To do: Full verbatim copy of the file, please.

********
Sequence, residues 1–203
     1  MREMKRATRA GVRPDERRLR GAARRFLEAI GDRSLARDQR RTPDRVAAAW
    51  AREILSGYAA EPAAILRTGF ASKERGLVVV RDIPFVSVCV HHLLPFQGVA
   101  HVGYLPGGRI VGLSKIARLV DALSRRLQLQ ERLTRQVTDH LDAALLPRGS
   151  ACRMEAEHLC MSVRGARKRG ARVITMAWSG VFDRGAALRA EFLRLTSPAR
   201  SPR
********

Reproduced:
Sequence, residues 1–203
     1  MREMKRATRA GVRPDERRLR GAARRFLEAI GDRSLARDQR RTPDRVAAAW
    51  AREILSGYAA EPAAILRTGF ASKERGLVVV RDIPFVSVCV HHLLPFQGVA
   101  HVGYLPGGRI VGLSKIARLV DALSRRLQLQ ERLTRQVTDH LDAALLPRGS
   151  ACRMEAEHLC MSVRGARKRG ARVITMAWSG VFDRGAALRA EFLRLTSPAR
   201  SPR